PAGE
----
There is little doubt that the 40-60 year olds (some of which are making big decisions for their respective companies) are out-of-the-loop when it comes to social media. A senior New York Times reporter found a twenty-something staffer and asked for help learning Snap-Chat. The rationale is you better understand where your readers are getting the news. The staff encounter and mentoring – referred to a reverse-mentoring has appeal in all businesses.
Recently, Amazon opened up its doors to the parents of its employees last week in Seattle. More than 5,000 parents attended the event at its Seattle-area headquarters, some from as far away as China and India. Mom and dad got the chance to explore special exhibits, listen to speakers, have a bite of lunch, ask questions about their child’s workday and, of course, check out all the latest company initiatives, from drone-delivery to warehouse robotics.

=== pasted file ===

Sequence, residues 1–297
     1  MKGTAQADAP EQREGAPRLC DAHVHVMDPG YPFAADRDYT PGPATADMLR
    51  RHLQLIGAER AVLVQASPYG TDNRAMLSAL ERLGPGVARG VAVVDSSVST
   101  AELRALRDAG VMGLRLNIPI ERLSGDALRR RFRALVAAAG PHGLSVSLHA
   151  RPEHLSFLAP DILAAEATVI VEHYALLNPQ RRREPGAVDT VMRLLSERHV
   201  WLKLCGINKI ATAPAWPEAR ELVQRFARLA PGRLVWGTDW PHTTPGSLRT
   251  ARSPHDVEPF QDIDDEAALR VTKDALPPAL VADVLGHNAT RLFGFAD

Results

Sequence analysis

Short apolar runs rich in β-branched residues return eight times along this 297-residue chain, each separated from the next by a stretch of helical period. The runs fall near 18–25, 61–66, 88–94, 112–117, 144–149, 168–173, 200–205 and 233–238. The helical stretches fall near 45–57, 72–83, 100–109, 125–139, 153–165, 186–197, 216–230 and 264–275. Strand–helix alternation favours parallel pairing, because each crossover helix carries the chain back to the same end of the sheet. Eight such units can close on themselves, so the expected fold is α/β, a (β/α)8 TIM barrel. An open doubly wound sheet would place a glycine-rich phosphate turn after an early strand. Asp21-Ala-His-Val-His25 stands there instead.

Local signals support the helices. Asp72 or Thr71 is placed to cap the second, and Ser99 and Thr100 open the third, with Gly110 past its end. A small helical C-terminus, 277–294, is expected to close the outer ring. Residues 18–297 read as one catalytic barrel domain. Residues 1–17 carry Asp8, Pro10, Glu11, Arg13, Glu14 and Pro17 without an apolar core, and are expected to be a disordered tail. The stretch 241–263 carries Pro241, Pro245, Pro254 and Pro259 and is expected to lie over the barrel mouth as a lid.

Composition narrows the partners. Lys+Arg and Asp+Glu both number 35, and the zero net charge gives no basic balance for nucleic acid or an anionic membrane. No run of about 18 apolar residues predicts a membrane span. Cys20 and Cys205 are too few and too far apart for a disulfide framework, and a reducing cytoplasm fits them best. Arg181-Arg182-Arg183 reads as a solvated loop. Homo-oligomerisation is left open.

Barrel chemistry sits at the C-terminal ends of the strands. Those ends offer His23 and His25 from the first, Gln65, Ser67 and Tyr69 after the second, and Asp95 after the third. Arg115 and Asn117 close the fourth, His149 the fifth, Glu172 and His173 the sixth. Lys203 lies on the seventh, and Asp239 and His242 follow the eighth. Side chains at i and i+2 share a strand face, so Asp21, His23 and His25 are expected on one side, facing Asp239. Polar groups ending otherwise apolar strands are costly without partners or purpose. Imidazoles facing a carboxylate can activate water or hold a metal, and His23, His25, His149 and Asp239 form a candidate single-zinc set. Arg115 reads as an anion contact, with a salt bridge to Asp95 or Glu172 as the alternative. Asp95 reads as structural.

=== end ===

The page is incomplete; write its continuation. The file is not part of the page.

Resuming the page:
While Amazon joked that it hoped the day would encourage employees to clean up their desks, the fact is that not only does such an event serve to impress employees’ parents, but also connect them to the company’s vision and strategic implementation.
Next month we are featuring a story when politicians come to work at convenience stores. Our story about the 5th annual Cstore day conceived by the Atlantic Convenience Store Association is entertaining and insightful.